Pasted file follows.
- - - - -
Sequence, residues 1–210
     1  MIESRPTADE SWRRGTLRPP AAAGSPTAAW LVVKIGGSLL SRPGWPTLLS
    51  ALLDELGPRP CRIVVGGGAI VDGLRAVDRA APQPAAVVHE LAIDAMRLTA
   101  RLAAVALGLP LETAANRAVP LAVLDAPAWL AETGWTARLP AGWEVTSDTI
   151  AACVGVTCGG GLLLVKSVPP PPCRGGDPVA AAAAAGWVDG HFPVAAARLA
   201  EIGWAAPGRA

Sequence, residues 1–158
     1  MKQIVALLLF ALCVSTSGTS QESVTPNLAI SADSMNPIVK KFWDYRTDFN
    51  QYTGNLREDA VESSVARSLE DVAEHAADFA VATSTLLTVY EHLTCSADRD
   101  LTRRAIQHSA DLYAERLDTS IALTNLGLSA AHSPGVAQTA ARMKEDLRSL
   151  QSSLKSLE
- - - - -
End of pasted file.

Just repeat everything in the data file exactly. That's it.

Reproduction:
Sequence, residues 1–210
     1  MIESRPTADE SWRRGTLRPP AAAGSPTAAW LVVKIGGSLL SRPGWPTLLS
    51  ALLDELGPRP CRIVVGGGAI VDGLRAVDRA APQPAAVVHE LAIDAMRLTA
   101  RLAAVALGLP LETAANRAVP LAVLDAPAWL AETGWTARLP AGWEVTSDTI
   151  AACVGVTCGG GLLLVKSVPP PPCRGGDPVA AAAAAGWVDG HFPVAAARLA
   201  EIGWAAPGRA

Sequence, residues 1–158
     1  MKQIVALLLF ALCVSTSGTS QESVTPNLAI SADSMNPIVK KFWDYRTDFN
    51  QYTGNLREDA VESSVARSLE DVAEHAADFA VATSTLLTVY EHLTCSADRD
   101  LTRRAIQHSA DLYAERLDTS IALTNLGLSA AHSPGVAQTA ARMKEDLRSL
   151  QSSLKSLE